By Dr. Marta Adelsman
Life Coach in Communication and Consciousness
(April 25, 2014)
On my shelf sits a children’s book that I used to read to my three sons when they were small. It’s entitled There’s No Such Thing As a Dragon by Jack Kent.
In the story, Billy Bixby awakens one morning to find a kitten-size dragon in his room. His mother convinces him there is no such thing as a dragon, so Billy stops paying attention to it. As he ignores it, it grows larger and larger, eventually wreaking havoc on the Bixby house and in the neighborhood.
Finally, Billy convinces his mother to acknowledge the presence of the dragon. As they pet it, it begins to shrink very quickly. Soon it once again reaches kitten size. Billy’s mother asks why it had to grow so big. Billy’s answer: “I think it just wanted to be noticed.”
Can you identify dragons in your life? You know – those emotions, situations, habits or secrets that don’t serve you and that you ignore, the ones that grow and threaten to make your life feel out of control. You think if you ignore them, they’ll go away or take care of themselves.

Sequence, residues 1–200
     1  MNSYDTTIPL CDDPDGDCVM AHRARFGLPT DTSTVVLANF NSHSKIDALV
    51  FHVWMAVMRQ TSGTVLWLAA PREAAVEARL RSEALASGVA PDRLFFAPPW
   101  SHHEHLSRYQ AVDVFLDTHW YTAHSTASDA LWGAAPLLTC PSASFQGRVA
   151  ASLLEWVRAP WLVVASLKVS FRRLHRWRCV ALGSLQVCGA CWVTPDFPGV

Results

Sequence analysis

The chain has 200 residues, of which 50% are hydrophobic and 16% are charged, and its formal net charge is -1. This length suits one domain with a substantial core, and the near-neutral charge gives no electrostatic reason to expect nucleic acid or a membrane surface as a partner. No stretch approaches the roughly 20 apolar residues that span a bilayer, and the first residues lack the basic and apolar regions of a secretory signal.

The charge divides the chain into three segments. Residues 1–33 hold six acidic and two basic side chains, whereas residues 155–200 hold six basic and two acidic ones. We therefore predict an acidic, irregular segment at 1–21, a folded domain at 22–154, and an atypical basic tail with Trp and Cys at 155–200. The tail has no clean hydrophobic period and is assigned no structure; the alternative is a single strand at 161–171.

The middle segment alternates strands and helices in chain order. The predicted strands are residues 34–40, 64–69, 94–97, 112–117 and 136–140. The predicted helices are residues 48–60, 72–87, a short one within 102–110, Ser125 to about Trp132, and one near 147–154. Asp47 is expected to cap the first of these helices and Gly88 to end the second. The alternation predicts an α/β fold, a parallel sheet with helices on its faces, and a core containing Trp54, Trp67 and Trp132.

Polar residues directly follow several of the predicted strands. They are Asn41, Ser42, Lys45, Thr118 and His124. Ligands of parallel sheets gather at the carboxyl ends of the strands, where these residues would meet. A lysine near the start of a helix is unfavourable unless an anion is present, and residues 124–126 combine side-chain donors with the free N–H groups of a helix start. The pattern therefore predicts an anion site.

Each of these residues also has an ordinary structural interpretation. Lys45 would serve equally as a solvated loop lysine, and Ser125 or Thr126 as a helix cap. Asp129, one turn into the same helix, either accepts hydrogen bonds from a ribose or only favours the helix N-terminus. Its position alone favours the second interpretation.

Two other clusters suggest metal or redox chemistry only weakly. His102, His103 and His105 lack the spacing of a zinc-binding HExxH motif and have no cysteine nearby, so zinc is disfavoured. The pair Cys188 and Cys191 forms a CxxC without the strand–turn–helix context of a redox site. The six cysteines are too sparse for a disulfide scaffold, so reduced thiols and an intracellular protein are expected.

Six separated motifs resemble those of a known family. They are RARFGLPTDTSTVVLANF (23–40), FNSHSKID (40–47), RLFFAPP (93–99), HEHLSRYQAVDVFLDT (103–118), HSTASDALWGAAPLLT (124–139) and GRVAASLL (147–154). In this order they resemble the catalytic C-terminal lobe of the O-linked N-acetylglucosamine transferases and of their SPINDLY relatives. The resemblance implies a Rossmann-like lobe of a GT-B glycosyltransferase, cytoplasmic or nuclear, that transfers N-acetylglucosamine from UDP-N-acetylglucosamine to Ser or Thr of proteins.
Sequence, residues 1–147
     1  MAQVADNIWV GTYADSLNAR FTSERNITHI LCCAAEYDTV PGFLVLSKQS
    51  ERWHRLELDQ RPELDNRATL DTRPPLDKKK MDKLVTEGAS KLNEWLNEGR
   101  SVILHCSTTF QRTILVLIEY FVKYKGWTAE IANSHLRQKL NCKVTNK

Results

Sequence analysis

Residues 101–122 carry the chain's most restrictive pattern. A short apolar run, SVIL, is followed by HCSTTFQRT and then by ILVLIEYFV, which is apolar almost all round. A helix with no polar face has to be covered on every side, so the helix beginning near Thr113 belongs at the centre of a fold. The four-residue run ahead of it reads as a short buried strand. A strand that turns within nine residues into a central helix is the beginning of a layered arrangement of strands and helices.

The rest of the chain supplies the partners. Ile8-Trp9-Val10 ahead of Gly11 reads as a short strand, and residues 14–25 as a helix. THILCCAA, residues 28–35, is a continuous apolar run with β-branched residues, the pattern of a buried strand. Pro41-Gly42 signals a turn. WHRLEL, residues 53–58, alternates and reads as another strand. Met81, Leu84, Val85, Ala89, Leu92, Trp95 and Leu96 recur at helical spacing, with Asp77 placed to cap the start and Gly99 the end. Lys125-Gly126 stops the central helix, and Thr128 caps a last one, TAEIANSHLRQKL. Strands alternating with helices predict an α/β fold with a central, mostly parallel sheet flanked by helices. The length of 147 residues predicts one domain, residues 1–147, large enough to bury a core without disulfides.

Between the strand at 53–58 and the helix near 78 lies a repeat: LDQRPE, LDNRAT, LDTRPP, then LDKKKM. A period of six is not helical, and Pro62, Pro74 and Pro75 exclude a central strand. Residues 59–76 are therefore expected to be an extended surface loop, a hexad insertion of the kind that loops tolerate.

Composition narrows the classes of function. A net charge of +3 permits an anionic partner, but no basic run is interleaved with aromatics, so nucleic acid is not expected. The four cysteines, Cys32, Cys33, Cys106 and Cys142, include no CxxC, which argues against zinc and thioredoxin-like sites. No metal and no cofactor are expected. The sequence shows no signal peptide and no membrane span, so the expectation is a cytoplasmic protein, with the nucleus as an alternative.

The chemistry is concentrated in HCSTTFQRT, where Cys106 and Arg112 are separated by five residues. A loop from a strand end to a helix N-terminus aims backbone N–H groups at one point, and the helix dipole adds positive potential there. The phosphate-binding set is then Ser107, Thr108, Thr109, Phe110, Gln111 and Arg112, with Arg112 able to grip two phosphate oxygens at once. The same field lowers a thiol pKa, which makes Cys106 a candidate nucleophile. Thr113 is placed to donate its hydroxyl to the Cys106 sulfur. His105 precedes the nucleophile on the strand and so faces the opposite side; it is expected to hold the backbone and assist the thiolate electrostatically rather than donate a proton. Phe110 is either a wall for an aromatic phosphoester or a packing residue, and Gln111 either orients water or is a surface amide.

Ignoring your dragons has consequences. They grow larger, demanding your attention. Controlling them may be impossible until they get that attention from you.
Dragons eat up the good in your life. When Mrs. Bixby makes Billy pancakes for breakfast, the dragon eats them, and Billy gets only one. Of course, they can’t tell it to stop. How could they, if there’s no such thing as a dragon?
They hinder you from getting where you want to go. Billy’s mother has to maneuver around the dragon by climbing in and out of windows to get her house clean, because a part of the dragon fills every room.
They run away with you. At one point the dragon takes off down the street with the Bixby’s house on its back and with Billy and his mother inside.
Dragons make a mess. Billy’s dragon becomes ravenously hungry and overturns a bakery truck, strewing loaves of bread all over the street.
Dragons separate you from those you love. Mr. Bixby can’t find his family (or his house) because the dragon has run away with them.
In the consequences above, in place of the word “dragon,” substitute the specific emotion, habit, situation or secret that you may be holding onto, withholding, or ignoring. You now have a picture of how it may be destroying your life.
The story tells you how to handle an out-of-control habit, situation, secret or emotion. Accept it and face it. Stop ignoring it and give it the attention it needs. As in the story, the first step involves admitting it’s there and bringing it out into the open. Talk with someone you trust. Get the support you need. Join a group that can help you to form new habits that serve you.
What will happen to that dragon? Soon it will be kitten size again!